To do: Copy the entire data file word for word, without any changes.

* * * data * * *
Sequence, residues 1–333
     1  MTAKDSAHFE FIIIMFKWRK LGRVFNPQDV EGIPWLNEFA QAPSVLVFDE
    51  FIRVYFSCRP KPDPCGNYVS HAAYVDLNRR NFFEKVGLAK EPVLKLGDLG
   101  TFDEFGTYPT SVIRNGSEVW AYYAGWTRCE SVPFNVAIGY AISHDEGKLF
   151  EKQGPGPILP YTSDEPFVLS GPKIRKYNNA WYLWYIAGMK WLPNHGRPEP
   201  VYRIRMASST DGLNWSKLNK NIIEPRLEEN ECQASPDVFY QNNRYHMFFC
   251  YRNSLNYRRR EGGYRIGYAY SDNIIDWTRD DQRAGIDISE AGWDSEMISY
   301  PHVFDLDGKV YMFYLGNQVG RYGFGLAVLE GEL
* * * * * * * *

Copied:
Sequence, residues 1–333
     1  MTAKDSAHFE FIIIMFKWRK LGRVFNPQDV EGIPWLNEFA QAPSVLVFDE
    51  FIRVYFSCRP KPDPCGNYVS HAAYVDLNRR NFFEKVGLAK EPVLKLGDLG
   101  TFDEFGTYPT SVIRNGSEVW AYYAGWTRCE SVPFNVAIGY AISHDEGKLF
   151  EKQGPGPILP YTSDEPFVLS GPKIRKYNNA WYLWYIAGMK WLPNHGRPEP
   201  VYRIRMASST DGLNWSKLNK NIIEPRLEEN ECQASPDVFY QNNRYHMFFC
   251  YRNSLNYRRR EGGYRIGYAY SDNIIDWTRD DQRAGIDISE AGWDSEMISY
   301  PHVFDLDGKV YMFYLGNQVG RYGFGLAVLE GEL